Those who have been concerned about Nugget’s apparent absence will be pleased to know that, although not photographed, he was about this morning. From the comfort of my passenger seat I did, however, spot
one of his relatives. Can you spot him?
This evening we dined on a second helping of the Chinese Takeaway with which Jackie drank Hoegaarden and I drank more of the Minervois.
Jackie was up in the dark this morning, in time to photograph
our first smattering of snow before the rain washed it away.
This afternoon we drove to Crestwood in Lymington to complete the paperwork and pay a deposit on our new sitting room flooring which will be laid after Christmas. We continued on to the north of the forest by way of
Roger Penny Way where
the gloom could not conceal the burnished gold of bracken
and autumn leaves.
Among the fallen trees
a skeletal cervine spectre remained tethered beside a moss-coated log.
Blissford Hill was not the only thoroughfare becoming waterlogged enough for arboreal reflection.
The pannage season has been extended. Pigs dashed towards us on
Hyde Hill where Jackie parked the Modus ahead of the
billowing sounder, too fast for me to keep up with.
Suddenly they dashed off piste and disappeared into a soggy field.
I needed to wade through sucking mud to reach the gate.
A somewhat perplexed freckled Shetland pony, sharing its field with
two be-rugged horses and an oak tree, observed the porcine proceedings.
Many thatched cottages, like this one at North Gorley, were able to admire their coiffure in their weedy green pools.
Since our dinner was being slow-roasted while we were out, I had no qualms that I might have been eating the shoulder of one today’s snuffling pigs with crispy crackling, Yorkshire pudding, creamy mashed potatoes, crunchy carrots, and tender cabbage with most tasty gravy. Jackie drank Hoegaarden and I finished the Fleurie.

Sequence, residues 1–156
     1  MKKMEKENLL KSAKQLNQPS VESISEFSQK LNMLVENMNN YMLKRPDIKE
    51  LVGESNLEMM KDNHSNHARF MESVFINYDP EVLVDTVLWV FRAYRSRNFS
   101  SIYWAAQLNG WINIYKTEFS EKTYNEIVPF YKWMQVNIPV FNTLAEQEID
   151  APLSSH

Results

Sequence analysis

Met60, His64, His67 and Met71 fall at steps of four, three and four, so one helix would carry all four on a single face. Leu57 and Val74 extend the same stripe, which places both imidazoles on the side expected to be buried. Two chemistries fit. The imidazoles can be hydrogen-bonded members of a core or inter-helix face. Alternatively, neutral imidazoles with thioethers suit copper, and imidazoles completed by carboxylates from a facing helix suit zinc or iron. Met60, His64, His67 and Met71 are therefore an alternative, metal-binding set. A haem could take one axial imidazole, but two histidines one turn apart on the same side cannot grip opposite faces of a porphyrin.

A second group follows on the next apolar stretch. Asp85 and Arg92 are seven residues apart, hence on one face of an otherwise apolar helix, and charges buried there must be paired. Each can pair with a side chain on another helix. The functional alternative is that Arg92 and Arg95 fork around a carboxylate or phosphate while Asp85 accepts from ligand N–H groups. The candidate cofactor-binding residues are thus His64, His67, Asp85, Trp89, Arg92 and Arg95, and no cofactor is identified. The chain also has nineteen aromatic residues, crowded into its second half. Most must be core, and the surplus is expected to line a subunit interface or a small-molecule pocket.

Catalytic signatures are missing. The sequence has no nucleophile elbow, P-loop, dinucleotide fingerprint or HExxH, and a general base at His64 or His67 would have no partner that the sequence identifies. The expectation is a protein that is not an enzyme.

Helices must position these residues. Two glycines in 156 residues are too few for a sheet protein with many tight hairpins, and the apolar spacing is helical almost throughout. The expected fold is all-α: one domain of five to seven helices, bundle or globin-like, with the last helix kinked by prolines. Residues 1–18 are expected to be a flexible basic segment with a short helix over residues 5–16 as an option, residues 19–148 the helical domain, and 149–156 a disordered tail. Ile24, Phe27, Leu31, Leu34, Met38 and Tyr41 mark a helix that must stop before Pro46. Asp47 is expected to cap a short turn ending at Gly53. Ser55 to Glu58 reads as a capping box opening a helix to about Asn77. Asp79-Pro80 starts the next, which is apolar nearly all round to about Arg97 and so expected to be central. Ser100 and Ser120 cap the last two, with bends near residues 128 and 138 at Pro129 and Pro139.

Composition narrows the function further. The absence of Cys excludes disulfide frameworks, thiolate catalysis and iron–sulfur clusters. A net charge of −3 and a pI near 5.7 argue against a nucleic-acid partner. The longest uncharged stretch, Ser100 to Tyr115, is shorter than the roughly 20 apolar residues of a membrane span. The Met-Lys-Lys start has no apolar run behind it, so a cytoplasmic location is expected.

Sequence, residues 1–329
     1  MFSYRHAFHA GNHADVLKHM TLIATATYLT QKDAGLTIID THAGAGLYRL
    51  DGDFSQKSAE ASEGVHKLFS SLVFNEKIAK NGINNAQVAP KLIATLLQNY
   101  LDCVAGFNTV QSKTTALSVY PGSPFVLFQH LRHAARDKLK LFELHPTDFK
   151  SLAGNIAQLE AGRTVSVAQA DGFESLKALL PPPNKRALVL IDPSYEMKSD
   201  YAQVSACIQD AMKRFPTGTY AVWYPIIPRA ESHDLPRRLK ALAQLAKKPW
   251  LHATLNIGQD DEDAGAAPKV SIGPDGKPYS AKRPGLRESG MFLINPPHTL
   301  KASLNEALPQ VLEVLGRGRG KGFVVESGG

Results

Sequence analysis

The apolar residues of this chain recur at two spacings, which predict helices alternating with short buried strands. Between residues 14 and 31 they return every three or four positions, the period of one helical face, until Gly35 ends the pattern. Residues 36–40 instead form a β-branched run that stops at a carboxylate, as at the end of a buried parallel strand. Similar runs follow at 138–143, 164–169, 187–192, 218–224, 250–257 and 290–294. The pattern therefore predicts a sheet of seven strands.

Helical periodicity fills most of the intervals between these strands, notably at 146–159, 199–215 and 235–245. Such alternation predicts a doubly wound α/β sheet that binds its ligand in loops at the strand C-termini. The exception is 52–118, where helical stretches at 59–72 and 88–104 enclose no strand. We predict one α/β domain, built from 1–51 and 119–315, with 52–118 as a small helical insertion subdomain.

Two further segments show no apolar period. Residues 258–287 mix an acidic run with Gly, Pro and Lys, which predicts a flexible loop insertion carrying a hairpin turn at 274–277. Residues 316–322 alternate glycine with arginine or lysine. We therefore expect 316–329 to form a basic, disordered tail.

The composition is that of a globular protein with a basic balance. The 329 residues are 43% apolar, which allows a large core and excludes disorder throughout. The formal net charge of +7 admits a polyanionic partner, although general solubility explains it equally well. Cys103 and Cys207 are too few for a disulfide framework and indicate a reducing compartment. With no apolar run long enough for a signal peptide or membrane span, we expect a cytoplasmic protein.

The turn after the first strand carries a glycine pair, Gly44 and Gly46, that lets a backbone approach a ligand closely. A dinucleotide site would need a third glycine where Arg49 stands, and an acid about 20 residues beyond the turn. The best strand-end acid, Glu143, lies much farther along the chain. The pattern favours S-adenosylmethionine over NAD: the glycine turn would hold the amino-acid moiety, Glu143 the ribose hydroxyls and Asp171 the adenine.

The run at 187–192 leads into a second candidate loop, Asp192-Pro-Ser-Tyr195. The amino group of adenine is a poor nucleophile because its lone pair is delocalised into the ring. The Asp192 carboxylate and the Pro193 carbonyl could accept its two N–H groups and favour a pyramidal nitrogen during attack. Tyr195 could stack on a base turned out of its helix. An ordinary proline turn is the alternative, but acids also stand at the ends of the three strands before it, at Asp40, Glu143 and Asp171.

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We are experiencing a little colder spell at the moment, and, this morning drove out to the forest in bright, crisp, sunshine
At the top of Mead End Road, on the outskirts of Sway, lies Boundary car park, leading to a wooded area
overlooking moorland on which, today I spotted just two distant ponies – a grey and a chestnut.
Flecks of ice still lay on the reflecting surfaces of recent pools
and crusted the muddy paths trodden by the horses
on their way down the slopes.
One pair of riders chose to keep their mounts on the road.
The lengthy log stacks, with the application of saw cuts, splits, lichen, fungi, moss, ivy, and painted lettering, contain much abstract potential.
This two-faced stump looks both jubilant and resigned at having evaded the final felling.
Reflections in waterlogged terrain, such as this at Wootton enhance much of the forest floor.
At this point an extended area sported the silvered flounces of a can-can skirt.
This evening we came back for a second sitting of Jackie’s splendid pasta arrabbiata with which I drank Reserve des Tuguets Madiran 2014.
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This morning I checked with Owen the chimney sweep that the 20″ swan’s nest baskets available at Gordleton Barn would not be too wide for our chimney, and that Streets ironmongers in Brockenhurst could supply smaller ones if necessary. Jackie and I therefore made a further visit to the barn. Unfortunately Richard’s offerings were too deep.
In order not to have a wasted journey I photographed the hub of the cartwheel that decorates the front of the shop.
In the muddy field alongside Hordle Lane on our way out, my driver, who has eyes everywhere, spotted a group of cock pheasants engaged in a stag party.
This particular farmer is not rambler friendly, but at least he has attached a warning notice to a newly erected electric fence. That is the yellow blob in the foreground above.
From Gordleton, we proceeded to Brockenhurst and Streets, Jackie’s favourite kind of shop. (Yes, that is our car in need of a wash, but it will only become filthy again on one trip around the wet, salted, roads.)
The windows, alone, are most enticing.
There we bought an iron grate of the correct size, and ordered a house name sign.
The burnt gorse and waterlogged terrain near Sway offered yet another scene that would have inspired Paul Nash’s war paintings.
At Flexford, the Avon tributary that flows through the grounds of Gordleton Mill was overflowing so as to provide snowdrops with more liquid refreshment than they would probably have liked.